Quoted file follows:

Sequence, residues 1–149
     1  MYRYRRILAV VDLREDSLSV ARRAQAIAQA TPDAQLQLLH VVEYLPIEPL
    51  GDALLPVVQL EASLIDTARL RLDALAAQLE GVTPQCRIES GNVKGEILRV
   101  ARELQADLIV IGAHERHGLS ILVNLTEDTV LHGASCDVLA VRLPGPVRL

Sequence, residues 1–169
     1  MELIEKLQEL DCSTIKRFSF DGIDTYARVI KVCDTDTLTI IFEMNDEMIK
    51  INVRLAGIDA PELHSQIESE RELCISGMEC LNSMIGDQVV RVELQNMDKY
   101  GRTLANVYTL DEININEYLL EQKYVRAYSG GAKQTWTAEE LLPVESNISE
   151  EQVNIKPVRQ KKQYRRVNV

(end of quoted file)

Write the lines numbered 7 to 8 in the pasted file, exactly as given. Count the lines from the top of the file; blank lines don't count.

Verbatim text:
    51  INVRLAGIDA PELHSQIESE RELCISGMEC LNSMIGDQVV RVELQNMDKY
   101  GRTLANVYTL DEININEYLL EQKYVRAYSG GAKQTWTAEE LLPVESNISE